The concept of "loanable funds" is an incoherent attempt to conflate real variables with financial ones. It is a failed metaphor. "Funds" in the literal sense are "loanable" only before they have been loaned. The loanable funds model creates the fiction that all funds get loaned instantaneously as soon as they become loanable. But it's impossible to tell a coherent story where such simultaneous saving and lending takes place. Funds, in the literal sense, are a stock, and we are concerned with flows into and out of that stock. In order for the loanable funds model to work, there needs to be a constraint that forces inflows to equal outflows, but there is no reason to assume that such a constraint exists.

The hairless on strikes at a fluxy spot with this line
About investment and savings moving in the same direction with rate changes
That pretty nicely demolishes the usual marshal cross applications eh
AS and AI rising together and falling together

Andy also raises the what in he'll is money besides medium of exchange measure of exchange value and store of wealth

Well as means of payment ie the basis of a credit system the disjunction between recipt of product and recipt of money
And of course the simpler lending of money ie injection of medium of exchange into the transaction system

None of this gets us very far by itself
Except it points out clearly the only real saving is storage
And the storage of a pure medium of exchange is a peculiar form of storage
That in a closed system is hardly providing a future real consumable product for exchange
Like laid up corn ala Joseph and the pharaoh

The building of production machines revolutionizes this world
Now u can make provision for future production not just future products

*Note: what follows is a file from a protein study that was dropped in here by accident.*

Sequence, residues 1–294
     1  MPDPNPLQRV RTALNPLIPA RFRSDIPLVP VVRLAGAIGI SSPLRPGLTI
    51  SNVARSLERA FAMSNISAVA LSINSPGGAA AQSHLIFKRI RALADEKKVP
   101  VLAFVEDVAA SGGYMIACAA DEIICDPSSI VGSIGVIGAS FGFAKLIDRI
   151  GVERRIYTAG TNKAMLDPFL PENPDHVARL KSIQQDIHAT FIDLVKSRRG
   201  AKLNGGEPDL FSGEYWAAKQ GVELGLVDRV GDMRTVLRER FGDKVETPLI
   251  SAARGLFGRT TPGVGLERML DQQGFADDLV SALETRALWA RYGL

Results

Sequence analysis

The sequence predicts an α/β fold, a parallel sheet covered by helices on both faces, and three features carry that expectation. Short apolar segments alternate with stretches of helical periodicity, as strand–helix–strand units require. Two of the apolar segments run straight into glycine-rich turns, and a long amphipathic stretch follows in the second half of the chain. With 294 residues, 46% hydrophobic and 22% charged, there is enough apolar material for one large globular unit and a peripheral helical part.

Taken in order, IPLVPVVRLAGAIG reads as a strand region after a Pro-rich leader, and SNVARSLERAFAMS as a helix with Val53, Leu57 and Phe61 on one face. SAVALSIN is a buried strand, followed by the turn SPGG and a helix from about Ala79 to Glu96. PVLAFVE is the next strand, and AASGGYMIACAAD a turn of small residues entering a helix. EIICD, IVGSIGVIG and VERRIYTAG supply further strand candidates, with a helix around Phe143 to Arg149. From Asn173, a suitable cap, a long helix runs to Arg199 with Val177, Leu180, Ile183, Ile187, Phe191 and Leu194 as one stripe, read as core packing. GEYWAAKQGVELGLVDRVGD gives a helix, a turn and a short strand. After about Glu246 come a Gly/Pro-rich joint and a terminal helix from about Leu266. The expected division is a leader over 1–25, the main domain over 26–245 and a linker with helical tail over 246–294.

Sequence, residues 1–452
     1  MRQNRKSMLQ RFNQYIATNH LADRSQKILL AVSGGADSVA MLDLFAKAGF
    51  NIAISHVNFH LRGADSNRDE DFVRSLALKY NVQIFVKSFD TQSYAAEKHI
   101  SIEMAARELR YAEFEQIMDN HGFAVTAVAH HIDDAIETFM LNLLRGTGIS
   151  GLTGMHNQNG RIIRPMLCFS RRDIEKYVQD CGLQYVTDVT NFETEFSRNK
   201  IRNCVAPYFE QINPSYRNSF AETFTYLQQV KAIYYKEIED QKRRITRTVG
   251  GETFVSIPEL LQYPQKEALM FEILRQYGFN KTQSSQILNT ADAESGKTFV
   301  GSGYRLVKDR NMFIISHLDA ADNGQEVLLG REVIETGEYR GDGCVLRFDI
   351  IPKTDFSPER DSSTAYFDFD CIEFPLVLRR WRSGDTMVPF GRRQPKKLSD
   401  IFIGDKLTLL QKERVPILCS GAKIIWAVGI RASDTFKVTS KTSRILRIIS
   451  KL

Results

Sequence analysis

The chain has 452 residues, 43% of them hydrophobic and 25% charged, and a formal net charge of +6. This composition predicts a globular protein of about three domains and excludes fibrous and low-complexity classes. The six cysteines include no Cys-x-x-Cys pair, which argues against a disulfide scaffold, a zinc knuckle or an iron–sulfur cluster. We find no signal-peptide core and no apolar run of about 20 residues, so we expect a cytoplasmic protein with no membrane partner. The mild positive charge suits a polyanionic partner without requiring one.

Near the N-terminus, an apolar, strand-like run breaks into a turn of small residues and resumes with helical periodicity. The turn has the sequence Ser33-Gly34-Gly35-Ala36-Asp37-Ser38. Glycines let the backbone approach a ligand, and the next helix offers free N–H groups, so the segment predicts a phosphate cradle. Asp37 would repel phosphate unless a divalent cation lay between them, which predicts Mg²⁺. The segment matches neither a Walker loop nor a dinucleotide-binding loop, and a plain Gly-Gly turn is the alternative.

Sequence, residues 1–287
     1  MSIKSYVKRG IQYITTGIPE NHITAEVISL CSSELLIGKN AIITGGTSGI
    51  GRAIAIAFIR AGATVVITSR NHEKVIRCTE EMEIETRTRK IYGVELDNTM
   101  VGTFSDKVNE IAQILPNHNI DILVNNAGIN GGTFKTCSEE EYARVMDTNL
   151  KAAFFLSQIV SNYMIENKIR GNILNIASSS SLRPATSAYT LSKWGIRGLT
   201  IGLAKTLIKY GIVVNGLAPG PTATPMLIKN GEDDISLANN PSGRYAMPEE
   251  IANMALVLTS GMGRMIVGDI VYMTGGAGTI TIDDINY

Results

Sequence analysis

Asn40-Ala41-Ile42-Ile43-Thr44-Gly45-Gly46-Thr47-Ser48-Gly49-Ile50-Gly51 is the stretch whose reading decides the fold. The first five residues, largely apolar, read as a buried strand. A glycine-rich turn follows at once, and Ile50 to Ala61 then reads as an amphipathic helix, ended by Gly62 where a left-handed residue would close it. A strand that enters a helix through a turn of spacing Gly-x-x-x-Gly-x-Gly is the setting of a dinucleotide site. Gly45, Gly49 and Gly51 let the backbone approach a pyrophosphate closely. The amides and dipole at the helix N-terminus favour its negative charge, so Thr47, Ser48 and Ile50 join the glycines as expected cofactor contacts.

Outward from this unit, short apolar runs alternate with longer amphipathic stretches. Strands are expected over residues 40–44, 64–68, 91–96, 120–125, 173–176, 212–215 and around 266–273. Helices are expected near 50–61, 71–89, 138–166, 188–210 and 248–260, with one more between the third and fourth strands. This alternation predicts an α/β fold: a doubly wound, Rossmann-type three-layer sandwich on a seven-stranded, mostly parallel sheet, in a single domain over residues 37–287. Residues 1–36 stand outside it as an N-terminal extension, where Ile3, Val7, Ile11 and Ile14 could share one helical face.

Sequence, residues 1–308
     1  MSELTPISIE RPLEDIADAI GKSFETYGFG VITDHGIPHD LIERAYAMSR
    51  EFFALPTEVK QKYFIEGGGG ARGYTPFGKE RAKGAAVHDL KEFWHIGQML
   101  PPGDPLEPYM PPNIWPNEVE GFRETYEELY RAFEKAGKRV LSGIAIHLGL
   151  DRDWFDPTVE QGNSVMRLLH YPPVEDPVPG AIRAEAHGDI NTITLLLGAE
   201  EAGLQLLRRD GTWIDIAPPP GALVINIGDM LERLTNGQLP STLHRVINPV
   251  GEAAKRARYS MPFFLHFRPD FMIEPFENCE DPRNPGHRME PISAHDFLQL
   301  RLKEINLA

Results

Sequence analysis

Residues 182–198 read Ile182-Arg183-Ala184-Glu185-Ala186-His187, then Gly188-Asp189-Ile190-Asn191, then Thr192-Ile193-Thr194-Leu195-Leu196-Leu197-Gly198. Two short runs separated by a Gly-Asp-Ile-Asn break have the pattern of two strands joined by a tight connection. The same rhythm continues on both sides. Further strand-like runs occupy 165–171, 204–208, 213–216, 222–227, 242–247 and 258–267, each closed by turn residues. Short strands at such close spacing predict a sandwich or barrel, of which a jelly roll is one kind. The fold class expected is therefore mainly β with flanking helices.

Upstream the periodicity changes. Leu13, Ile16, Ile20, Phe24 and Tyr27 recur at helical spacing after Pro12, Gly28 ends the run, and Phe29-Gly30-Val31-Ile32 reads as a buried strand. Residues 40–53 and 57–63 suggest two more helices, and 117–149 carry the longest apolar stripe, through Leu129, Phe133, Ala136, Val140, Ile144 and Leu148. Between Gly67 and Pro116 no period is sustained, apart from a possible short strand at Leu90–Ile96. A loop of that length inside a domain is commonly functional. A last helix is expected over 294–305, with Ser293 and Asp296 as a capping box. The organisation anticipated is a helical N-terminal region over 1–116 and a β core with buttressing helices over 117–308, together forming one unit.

Andy: Let's clear the decks. Closed economy, no government, and no investment either. The only produced good is backscratches. The only other good is a bond, which promises to pay (1+r) backscratches next period.

Actual savings is always zero, since backscratches cannot be stored. But desired savings are not equal to zero, except in equilibrium.

If this is a barter economy ("you scratch my back and I'll scratch yours", there cannot be unemployed backscratchers. Two unemployed backscratchers will scratch each others' backs. But, if desired savings depends on the rate of interest, there might be an excess demand for bonds if r is above the natural rate of interest. Each agent wants to give a backscratch and get a bond in return. That's an excess supply of "loanable funds" corresponding to an excess demand for bonds and desired savings being positive. Equivalently, desired consumption is less than full-employment output. So, if r is stuck too high, we get all these things.

But if this is really a barter economy, the unemployed backscratchers, who want to sell backscratches for bonds but can't (because everyone wants to do the same), will revise their optimal plans subject to this quantity constraint. And they will swap backscratches as a second-best. So there's no unemployment in a barter economy, even though desired savings is positive (with r stuck too high for some reason).